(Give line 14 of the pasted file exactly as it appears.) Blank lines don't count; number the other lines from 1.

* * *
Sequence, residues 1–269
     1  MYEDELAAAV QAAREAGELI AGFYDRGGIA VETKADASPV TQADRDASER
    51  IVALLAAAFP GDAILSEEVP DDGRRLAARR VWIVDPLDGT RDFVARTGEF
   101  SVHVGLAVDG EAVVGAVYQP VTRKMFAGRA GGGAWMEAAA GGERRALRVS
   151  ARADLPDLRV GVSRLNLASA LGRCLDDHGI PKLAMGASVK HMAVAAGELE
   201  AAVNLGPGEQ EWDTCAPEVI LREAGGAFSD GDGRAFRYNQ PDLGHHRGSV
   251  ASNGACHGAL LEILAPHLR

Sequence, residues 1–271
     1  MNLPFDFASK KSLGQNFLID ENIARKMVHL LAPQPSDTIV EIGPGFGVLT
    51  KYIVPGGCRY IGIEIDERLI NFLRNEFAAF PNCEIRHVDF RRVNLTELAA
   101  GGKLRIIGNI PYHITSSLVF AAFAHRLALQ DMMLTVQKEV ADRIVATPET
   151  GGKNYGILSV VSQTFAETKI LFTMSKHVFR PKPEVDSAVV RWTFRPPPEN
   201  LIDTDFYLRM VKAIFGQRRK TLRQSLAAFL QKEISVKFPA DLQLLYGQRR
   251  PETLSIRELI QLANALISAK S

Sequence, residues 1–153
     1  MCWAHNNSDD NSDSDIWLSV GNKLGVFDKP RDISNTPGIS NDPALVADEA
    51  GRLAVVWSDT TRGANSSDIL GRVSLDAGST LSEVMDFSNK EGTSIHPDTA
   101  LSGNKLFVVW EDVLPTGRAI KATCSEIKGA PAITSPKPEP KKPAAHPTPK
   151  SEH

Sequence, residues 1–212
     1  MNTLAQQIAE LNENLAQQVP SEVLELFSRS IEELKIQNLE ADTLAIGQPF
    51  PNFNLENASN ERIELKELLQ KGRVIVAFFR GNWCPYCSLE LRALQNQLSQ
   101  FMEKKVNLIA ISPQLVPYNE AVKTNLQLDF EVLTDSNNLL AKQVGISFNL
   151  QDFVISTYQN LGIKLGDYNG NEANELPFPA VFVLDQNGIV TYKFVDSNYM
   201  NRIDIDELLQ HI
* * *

   251  PETLSIRELI QLANALISAK S